The Sedin Bros are both scheduled to be unrestricted free agents this summer. (Photo by Jeff Vinnick/NHLI via Getty Images)
If it’s Friday, it must be mailbag time.
(Oh, and if you heard me talking this past Wednesday on CBC radio’s ‘As It Happens’ program about the NHL’s recent decision to forbid fans from wearing any team sweater other than the home team’s at arenas throughout the league, relax and check what day Wednesday was.)
What happened in the Mathieu Dandenault situation? He asked to be traded, but never was. Please fill me in.
Mike. B., Kitchener, Ont.
The Dandenault situation is the same as the Nick Boynton and Scott Clemmensen situations; each player – for very different reasons – failed to find a good fit with their individual team and were slotted to be moved, but each team’s GM couldn’t find the appropriate trading partner to replace what would be a departing asset, so they all stayed put.
Dandenault, Boynton and Clemmensen are unrestricted free agents at the end of this season, so each will be able to search for a better opportunity on their own this summer. They also represent one of the early waves of veteran players left relatively high-and-dry by the collective bargaining agreement and uncertain economic times.
Unfortunately for the players, I think there’ll be more of those waves crashing upon the league’s shores in the next few years.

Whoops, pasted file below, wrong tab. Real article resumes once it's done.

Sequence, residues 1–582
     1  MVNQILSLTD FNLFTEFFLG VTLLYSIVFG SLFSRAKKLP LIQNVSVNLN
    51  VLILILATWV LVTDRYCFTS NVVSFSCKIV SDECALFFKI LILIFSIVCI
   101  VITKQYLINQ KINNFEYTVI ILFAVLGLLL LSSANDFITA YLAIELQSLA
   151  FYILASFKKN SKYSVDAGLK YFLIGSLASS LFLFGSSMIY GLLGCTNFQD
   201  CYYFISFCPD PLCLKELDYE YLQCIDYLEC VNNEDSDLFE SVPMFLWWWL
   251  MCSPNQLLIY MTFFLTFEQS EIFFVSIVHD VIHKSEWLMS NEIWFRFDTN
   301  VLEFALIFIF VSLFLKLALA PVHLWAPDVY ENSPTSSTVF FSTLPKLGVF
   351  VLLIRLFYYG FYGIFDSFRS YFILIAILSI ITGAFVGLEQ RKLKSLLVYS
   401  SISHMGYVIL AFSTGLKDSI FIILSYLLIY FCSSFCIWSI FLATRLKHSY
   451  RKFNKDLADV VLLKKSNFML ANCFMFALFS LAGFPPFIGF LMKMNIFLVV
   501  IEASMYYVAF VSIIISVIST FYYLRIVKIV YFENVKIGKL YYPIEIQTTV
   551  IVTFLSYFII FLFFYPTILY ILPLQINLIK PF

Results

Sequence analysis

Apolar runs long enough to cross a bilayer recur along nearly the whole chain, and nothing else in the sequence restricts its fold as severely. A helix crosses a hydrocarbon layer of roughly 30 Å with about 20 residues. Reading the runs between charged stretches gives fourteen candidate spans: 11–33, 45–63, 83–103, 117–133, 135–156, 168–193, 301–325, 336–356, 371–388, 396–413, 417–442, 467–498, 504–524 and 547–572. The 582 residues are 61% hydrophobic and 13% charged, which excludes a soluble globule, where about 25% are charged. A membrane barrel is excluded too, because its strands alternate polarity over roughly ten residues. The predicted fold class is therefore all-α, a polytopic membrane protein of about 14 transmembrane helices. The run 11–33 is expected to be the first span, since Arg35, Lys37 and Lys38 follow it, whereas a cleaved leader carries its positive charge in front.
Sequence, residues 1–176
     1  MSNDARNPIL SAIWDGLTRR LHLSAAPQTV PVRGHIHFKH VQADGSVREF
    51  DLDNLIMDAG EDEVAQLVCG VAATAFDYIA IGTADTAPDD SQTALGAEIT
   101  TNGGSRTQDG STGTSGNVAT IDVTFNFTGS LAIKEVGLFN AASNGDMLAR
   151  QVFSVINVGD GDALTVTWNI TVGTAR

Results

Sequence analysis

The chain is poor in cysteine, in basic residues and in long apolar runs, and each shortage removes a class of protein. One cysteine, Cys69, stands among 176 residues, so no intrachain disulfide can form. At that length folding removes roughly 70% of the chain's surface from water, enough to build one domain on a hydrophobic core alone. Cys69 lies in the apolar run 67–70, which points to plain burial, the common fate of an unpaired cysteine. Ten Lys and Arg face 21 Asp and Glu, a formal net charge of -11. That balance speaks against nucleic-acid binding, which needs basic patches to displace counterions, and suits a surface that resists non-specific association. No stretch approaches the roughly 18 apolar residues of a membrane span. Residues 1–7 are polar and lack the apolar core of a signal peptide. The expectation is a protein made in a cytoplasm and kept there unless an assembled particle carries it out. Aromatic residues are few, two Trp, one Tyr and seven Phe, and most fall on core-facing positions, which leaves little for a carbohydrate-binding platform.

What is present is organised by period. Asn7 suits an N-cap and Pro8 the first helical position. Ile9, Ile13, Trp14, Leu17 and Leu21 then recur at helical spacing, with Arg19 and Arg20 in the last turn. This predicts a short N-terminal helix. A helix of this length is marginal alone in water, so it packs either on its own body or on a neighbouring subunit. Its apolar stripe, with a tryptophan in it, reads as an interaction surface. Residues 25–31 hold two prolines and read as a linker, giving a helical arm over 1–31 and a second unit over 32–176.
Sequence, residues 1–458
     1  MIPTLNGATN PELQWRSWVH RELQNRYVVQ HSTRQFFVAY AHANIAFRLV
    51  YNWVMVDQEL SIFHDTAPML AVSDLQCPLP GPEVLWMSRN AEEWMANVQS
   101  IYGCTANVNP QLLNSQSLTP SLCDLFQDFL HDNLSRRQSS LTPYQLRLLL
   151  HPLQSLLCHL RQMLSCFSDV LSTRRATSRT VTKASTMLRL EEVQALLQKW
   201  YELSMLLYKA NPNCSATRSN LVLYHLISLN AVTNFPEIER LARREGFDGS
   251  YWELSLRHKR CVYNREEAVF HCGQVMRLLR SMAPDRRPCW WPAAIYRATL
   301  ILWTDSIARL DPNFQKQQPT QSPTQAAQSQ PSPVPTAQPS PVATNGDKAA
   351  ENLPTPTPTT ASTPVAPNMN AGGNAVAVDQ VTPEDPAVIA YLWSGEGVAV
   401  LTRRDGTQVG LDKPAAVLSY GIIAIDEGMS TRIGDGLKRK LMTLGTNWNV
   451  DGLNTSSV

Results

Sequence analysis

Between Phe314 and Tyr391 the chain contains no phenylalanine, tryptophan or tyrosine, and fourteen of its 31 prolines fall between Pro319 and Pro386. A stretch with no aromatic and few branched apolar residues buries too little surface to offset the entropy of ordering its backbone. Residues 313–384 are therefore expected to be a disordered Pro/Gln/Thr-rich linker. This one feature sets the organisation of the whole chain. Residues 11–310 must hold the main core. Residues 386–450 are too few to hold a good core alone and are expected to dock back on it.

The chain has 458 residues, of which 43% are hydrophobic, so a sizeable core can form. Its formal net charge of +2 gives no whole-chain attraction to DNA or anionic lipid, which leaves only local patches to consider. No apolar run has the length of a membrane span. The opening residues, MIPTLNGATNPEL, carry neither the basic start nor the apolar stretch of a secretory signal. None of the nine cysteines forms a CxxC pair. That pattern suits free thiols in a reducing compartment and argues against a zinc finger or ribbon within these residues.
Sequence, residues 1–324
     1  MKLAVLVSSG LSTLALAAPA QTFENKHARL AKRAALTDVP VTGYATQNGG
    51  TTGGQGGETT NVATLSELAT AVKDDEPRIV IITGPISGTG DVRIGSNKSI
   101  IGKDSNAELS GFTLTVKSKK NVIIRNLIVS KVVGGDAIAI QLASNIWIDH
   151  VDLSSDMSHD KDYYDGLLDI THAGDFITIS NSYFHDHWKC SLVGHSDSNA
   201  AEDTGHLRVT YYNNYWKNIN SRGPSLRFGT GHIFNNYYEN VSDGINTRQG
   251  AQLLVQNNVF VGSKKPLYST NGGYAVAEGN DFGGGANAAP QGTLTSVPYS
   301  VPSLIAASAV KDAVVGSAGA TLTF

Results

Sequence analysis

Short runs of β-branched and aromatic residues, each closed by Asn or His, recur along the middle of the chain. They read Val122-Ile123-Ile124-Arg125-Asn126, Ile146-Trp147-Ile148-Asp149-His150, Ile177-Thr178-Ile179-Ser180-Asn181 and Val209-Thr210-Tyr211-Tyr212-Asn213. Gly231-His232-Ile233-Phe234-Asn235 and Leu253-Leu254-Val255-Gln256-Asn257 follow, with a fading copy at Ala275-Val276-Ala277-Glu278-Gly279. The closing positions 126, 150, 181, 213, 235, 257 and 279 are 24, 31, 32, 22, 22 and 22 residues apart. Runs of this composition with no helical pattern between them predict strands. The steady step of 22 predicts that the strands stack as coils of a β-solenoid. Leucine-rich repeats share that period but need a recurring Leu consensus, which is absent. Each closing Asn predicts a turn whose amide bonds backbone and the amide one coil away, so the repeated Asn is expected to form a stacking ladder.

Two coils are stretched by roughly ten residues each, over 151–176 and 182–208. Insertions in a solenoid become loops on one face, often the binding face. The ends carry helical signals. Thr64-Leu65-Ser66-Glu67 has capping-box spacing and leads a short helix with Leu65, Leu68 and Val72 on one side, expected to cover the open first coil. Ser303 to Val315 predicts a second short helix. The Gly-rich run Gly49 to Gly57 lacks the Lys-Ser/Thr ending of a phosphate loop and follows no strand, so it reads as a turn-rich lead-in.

Love your stuff. As a life long Eddie Belfour fan, I want to know, what’s happened to ‘The Eagle?’ I know last year he played in Sweden. Has he officially hung them up?
Thanks, James M., Toronto
It certainly seems Belfour’s playing days are behind him. For the most part, NHLers don’t file retirement papers with the league, as there’s really no advantage for them in doing so. And given the extent of the back woes that plagued him late in his career, I very much doubt he could come back at age 43 and look anywhere close to as good as he once did.
In regard to an ‘official’ announcement, you’d need to presume Belfour was at all interested in the media for you to assume a press release or news conference was coming.
And as someone who watched Belfour wince his way through Toronto media scrums in the early-to-mid-part of this decade, I’m not holding my breath in anticipation.
I am a huge Canucks fan and I know Daniel and Henrik Sedin are going to become UFAs on July 1. I was wondering: will they end up on a different team, stay with the Canucks or something else? I would like to know what you think will happen.
Devon Barker, Port Alberni, B.C.
If the Sedins truly intend to play together beyond this spring, odds are they won’t have too many alternatives other than Vancouver. That’s because they’ll each be looking for a salary in the $6-7 million per season range and there aren’t many, if any, franchises other than the Canucks who’ll have the requisite salary cap space to add two forwards for $14 million large.
Now, some GM might think about clearing enough space to accommodate both brothers. But given the aforementioned economic uncertainty, I can’t see such a scenario materializing. And, anyway, with things going so well for the team right now, why would they want to go anywhere else?